I'm curious what the requisites were for just these four coolers being tested. Was a notification sent out to all the mITX cooler makers to ask for a sample product to test and these are the only four that were sent? Or was it a case of not all mITX cooler makers were reached out to? It's not real clear in the intro. Tom's tested eight of them back in Nov. 2013: http://www.tomshardware.com/reviews/low-profile-heat-sink-mini-itx,3639.html
    You'd probably be upset if you found out that these were leftover samples sent with things like the big coolers that I test and the small cases that he tests, so let me be nice and say that he has the full license to pick up on small cooling reviews where I left off. So this is just the intro to a series of reviews.
  • 10tacle
    8708 said:
    So this is just the intro to a series of reviews.


    Ah....I had to read the intro again to fully understand after your response. Thanks Crashman! Fully understood.
  • cmiconi
    As Crash mentioned earlier (and as I mentioned in the article), most of these coolers came with the mITX cases I received. We also had a couple requests from manufactures to test their products. I've still got a couple of coolers on hand that need to be tested at some point, but I've shifted my focus back to cases for the time being, so it's going to be a bit.

    That does leave me some time though to start sending out requests for samples and I'm open to suggestions on what to request. Also, if there's enough demand for a particular theme (i.e. budget coolers) I can also put together another round-up.
  • Janemba
    What about AMD Wraith ? Its Mini-ITX cooler
  • gadgety
    I'd like to see tests based on cooler height: This is the best performer up to 40 mm, 45 mm, 50 mm, 55 mm, 60mm, 65mm etc. At least when I go searching for a cooler one of the first questions I ask is "will it fit." In addition it makes the comparison more relevant. A 75mm cooler will likely be better than a 45, or 58mm. The second question is "how does it perform" and the third "how much is it". Q2 and Q3 I might switch but the first one is not negotiable. I also think that the stock cooler should be in all comparisons.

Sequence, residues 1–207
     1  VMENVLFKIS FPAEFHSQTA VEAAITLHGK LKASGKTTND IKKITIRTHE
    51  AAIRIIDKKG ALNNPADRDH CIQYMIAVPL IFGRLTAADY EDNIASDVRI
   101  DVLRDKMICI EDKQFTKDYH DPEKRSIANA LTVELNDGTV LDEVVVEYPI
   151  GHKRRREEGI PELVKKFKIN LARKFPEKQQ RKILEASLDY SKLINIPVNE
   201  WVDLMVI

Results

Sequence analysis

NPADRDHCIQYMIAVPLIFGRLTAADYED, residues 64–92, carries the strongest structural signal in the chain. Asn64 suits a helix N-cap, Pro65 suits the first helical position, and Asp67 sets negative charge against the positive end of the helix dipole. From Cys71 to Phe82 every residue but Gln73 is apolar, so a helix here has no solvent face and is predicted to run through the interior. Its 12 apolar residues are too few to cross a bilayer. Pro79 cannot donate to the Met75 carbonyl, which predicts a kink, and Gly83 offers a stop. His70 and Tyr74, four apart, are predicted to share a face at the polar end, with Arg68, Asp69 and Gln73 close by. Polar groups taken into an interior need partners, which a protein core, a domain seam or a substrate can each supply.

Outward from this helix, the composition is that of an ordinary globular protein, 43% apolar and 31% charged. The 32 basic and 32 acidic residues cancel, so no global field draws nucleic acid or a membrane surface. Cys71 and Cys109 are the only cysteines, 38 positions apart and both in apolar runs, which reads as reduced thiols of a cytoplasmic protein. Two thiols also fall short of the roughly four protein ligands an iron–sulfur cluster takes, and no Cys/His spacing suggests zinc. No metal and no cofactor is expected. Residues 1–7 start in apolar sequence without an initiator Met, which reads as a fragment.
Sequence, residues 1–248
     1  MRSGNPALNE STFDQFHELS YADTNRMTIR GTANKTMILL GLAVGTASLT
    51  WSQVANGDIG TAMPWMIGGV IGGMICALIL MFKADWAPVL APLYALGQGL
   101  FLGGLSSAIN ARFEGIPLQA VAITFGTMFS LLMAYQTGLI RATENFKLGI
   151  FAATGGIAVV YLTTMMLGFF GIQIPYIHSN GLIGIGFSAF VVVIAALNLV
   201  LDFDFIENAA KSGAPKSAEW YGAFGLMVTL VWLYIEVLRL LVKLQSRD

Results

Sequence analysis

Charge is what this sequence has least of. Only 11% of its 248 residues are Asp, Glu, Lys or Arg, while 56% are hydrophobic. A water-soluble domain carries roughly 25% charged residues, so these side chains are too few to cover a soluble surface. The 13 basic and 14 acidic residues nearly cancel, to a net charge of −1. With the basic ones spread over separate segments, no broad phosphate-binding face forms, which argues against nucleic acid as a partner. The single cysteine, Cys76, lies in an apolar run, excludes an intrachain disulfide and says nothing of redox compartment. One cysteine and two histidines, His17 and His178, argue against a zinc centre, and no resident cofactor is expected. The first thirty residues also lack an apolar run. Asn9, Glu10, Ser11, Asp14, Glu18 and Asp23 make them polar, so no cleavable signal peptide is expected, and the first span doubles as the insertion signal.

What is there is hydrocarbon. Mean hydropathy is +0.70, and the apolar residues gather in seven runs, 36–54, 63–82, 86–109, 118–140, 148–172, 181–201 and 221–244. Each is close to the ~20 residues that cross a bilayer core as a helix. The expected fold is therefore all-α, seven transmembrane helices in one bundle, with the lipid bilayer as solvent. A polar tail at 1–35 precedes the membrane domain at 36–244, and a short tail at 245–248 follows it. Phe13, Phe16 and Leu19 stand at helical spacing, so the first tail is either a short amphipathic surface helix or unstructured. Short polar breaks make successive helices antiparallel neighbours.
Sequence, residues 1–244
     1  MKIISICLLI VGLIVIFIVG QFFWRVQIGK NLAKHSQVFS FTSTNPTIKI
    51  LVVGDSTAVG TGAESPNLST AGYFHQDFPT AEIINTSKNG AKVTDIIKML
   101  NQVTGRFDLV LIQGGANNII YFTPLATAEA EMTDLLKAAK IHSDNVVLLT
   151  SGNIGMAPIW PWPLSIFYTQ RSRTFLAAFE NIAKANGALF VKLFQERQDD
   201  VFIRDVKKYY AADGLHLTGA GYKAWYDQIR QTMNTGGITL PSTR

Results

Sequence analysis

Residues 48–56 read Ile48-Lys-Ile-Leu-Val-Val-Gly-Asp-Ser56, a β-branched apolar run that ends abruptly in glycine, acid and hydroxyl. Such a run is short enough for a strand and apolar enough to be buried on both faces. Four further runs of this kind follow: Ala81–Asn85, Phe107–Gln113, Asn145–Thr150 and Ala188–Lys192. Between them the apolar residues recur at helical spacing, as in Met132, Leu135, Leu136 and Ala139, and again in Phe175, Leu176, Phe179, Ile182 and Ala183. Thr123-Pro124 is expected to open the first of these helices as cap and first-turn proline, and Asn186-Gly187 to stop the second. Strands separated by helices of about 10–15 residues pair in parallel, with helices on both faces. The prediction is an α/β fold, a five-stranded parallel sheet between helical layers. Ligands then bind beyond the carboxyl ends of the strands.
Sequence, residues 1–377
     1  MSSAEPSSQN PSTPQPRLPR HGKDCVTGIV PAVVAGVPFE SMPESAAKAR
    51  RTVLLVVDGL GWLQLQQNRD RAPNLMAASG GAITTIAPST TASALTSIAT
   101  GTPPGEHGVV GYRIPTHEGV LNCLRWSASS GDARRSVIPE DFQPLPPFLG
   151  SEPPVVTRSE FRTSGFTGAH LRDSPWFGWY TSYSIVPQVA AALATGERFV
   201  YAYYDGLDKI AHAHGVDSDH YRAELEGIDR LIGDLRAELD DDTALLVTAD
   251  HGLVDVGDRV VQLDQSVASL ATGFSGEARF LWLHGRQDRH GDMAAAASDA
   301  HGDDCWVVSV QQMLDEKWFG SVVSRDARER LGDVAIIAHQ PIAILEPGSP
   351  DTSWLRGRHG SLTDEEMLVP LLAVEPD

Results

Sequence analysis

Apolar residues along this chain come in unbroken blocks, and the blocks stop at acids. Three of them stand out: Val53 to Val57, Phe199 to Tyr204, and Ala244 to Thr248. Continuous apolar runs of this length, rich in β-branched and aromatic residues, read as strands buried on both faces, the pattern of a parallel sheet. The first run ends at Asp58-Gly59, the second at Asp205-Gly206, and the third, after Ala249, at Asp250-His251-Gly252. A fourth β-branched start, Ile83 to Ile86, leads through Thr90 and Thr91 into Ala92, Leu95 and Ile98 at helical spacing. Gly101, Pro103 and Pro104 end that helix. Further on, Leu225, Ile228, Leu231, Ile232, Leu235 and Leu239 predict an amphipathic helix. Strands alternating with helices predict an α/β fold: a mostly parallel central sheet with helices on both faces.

• bit_user
    Thanks for the article.

    879769 said:
    I'm open to suggestions on what to request. Also, if there's enough demand for a particular theme (i.e. budget coolers) I can also put together another round-up.
    I'd love to see how Scythe Big Shuriken II Rev. B compares. I have one paired with a Noctua 140 mm fan on my Sandybridge-E. I don't know if it's compatible with Skylake, though.

    Something I've seen on at least one other site is to take another set of cooling measurements using a common reference fan. This is helpful for those of us who would swap fans anyway, and it's a more direct apples-to-apples measurement of cooling efficiency.
  • Daniel Ladishew
    Thank you for testing a product in the environment it was meant to be used in! This is a great start to a (hopefully) comprehensive series of reviews and a truly useful roundup. Thanks guys!
  • RedJaron
    Do you per chance have an ITX FM2+ board to check RAM clearance when you review these?
  • Crashman
    570460 said:
    Do you per chance have an ITX FM2+ board to check RAM clearance when you review these?
    First of all, I'd like to appologize to everyone for the missing information.
    The NH-L12 for example has 0.5" of offset. That's important to know if you're wondering "can I turn this thing to fit the other way". I later started listing which directions the offset pointed (front/rear left/right). When you have both the dimensions AND the offset, you can figure out what the biggest cooler to fit your board will be.

    http://www.tomshardware.com/reviews/low-profile-heat-sink-mini-itx,3639.html

    Second of all, one reason the NH-L12 was included in both articles is so that a reader could compare the differences of various coolers (such as "this one is cooler than the NH-L12, what does the previous article say about the other one). So the NH-L12 is the "conversion factor" cooler.
  • GeoDash
    Quote:
    Cryorig?



    Not always the best. They're still beat by other companies.